Amidst the complexities surrounding a profoundly multi-layered issue like homelessness, at times all it takes is a hot meal to make someone’s day. Conversely, for that same systemic problem engendered by decades of stigmatization, the solution of course isn’t that simple. However, that doesn’t — nor should it — stop anyone from doing what they can to help.
That’s what a small group of compassionate activists have been doing on a weekly basis at Garfield Park in South Pasadena. Anne Bagasao and Fahren James — who are cofounders and members of the South Pasadena Tenants Union and Black Lives Matter South Pasadena respectively — conceived the idea in early January, after successfully hosting large-scale food & donation drives last year during the holidays. “When I saw how grateful and how happy the folks that we were serving (were), it just occurred to me that I could do more,” Bagasao tells the South Pasadenan News. She reflects that when she started, it was worth it “to cook a hot meal for several of the guys or make sandwiches and take (it) to them once a week.” It wasn’t just enough, she says, to show up on Thanksgiving and Christmas and tell them “you’re own your own for another 12 months.” Bagasao then conferred with local unhoused residents to agree on Mondays to meet at the park.
Alternating hosts from various organizations (or from anyone willing to sign up for the task) who work in coalition with each other and helmed by BLM So Pas, volunteers set up a picnic-like feast — sometimes fried chicken with mashed potatoes, sometimes pho noodle soup — so neighbors facing homelessness can sit down and enjoy a hearty lunch with friends while also acting as a weekly check-in.
“These are people that are unhoused who are very much a part of our community,” Helen Tran tells the South Pasadenan. She was joined by Victoria Patterson, a fellow resident also active within local social advocacy groups, as they hosted on a chilly winter’s day in February.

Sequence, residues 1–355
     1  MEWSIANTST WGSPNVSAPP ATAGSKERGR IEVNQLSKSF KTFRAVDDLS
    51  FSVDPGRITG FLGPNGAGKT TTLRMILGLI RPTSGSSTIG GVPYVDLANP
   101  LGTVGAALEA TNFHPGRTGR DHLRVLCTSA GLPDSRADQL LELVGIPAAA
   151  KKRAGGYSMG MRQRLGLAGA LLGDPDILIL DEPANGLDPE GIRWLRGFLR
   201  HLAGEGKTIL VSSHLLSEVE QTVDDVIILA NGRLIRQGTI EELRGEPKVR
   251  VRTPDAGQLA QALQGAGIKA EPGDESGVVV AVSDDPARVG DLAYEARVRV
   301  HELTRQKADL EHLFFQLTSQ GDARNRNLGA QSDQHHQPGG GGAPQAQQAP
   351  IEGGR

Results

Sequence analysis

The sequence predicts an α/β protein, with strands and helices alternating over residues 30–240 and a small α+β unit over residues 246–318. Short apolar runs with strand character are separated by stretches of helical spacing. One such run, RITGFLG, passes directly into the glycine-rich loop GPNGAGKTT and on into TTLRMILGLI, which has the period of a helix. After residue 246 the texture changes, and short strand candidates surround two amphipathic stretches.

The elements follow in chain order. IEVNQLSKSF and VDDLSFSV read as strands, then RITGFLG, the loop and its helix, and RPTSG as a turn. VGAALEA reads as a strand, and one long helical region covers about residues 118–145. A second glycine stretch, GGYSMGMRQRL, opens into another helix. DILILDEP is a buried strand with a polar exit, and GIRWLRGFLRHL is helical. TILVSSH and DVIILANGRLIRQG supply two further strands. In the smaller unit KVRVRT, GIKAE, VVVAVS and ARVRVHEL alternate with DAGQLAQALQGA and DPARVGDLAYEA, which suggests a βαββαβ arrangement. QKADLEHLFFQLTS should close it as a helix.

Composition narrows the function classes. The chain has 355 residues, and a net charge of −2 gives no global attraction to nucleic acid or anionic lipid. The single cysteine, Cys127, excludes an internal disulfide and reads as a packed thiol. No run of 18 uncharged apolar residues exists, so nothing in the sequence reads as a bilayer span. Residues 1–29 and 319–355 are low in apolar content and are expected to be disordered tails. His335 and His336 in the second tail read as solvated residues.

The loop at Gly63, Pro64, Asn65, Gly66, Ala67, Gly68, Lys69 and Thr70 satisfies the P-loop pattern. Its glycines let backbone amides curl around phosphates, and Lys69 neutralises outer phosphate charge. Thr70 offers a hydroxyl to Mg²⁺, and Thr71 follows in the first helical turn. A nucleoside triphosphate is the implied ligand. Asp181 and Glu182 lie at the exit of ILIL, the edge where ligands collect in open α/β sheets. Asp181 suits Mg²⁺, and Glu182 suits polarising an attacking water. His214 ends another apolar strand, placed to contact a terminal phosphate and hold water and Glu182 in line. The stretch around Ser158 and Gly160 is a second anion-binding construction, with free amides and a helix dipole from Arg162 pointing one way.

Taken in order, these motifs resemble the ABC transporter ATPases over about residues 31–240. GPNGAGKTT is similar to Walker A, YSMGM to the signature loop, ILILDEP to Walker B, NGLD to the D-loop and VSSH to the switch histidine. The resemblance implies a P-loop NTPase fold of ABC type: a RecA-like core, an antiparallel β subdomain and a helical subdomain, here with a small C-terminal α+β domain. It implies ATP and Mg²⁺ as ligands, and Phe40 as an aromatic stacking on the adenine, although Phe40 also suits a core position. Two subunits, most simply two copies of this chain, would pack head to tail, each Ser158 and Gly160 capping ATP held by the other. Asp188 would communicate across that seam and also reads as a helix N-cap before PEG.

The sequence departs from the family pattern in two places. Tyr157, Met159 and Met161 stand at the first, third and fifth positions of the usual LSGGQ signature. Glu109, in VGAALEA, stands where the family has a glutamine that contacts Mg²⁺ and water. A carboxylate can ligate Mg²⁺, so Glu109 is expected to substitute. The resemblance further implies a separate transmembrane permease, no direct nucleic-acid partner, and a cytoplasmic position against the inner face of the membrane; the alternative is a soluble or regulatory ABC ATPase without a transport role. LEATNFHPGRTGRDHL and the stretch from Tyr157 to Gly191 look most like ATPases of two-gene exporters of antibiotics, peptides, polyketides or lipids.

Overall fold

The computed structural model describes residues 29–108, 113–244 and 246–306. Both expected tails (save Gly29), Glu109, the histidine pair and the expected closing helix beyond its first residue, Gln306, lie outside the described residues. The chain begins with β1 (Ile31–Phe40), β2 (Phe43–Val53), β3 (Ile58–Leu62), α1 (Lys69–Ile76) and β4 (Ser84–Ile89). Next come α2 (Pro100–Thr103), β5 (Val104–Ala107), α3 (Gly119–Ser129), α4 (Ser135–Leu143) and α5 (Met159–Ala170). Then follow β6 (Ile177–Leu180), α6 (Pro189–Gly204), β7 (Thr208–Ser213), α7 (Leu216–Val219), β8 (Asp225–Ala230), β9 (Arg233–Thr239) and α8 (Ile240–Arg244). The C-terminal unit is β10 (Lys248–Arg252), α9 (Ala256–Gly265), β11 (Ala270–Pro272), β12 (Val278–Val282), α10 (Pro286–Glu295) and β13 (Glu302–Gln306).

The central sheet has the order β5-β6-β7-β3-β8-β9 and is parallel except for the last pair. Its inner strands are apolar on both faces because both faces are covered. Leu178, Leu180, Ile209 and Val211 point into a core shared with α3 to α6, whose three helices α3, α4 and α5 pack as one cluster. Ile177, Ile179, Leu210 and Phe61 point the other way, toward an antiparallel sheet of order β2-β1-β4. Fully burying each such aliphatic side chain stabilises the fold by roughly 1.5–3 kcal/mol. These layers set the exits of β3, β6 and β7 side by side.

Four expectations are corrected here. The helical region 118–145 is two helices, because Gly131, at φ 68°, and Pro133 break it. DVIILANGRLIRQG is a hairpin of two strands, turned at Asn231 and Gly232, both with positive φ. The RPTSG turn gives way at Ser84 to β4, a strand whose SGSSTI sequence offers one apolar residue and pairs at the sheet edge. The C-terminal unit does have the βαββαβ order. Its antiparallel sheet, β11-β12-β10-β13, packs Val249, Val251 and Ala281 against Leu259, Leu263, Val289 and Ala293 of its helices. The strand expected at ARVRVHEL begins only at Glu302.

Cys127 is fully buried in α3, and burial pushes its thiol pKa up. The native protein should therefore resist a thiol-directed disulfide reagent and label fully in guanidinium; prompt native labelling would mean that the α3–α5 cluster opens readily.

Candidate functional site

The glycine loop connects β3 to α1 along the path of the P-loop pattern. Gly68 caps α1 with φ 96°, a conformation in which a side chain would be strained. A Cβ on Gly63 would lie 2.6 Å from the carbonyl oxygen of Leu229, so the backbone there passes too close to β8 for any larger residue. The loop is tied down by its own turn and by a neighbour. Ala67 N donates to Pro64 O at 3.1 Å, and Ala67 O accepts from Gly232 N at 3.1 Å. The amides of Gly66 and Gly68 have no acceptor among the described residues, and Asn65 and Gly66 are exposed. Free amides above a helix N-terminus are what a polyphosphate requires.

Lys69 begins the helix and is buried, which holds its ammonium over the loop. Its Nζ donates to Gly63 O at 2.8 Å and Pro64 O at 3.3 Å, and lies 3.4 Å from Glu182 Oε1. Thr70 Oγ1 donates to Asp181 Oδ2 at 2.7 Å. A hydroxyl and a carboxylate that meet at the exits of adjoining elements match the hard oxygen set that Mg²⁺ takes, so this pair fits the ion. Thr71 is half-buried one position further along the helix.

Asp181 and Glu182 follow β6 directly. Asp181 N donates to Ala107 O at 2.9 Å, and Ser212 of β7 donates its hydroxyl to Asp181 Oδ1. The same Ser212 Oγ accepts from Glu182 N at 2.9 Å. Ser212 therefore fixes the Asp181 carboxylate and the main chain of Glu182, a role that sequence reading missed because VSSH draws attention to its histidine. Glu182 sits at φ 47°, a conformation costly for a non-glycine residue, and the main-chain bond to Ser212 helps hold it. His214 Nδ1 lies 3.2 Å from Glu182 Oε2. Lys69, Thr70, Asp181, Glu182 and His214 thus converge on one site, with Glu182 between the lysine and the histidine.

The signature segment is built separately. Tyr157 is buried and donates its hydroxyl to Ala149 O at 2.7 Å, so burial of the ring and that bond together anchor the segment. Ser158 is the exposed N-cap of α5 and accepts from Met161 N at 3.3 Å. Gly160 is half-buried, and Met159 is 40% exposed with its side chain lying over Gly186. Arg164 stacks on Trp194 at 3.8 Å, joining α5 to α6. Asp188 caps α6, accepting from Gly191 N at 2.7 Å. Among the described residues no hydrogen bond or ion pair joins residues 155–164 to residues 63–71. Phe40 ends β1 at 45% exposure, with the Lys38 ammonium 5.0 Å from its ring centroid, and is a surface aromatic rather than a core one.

Also present was Marina Ella Rodriguez, a housing navigator for Union Station Homeless Services who oversees both South Pasadena and Arcadia. “I do outreach in those two cities, case management & referrals, and housing plans for individuals who are experiencing homelessness,” Rodriguez explained. Performing outreach weekly through conduits like Shower of Hope and programs at Holy Family Church, her relationship with many of the citizens in attendance preceded the lunches in the park.
Establishing trust is essential and Rodriguez hopes to build a rapport and continue to fortify those relationships, her end goal being getting them closer to housing. Gathering vital information from those in attendance, she expressed gratitude to the organizers, “I think it really helps individuals who are experiencing homelessness feel like a part of the community, it makes them feel welcome and accepted… that makes a huge change in terms of their motivation.”
Other than just providing meals, the group works to assemble care packages with non-perishable snacks, masks, hand sanitizer, socks and other essentials. Establishments like Fiore Market Cafe and Harvest Food Bank have been key as well, the latter of which Bagasao credits with supplying many of the staples required to make the meals, from coffee and bread to farm-to-table produce.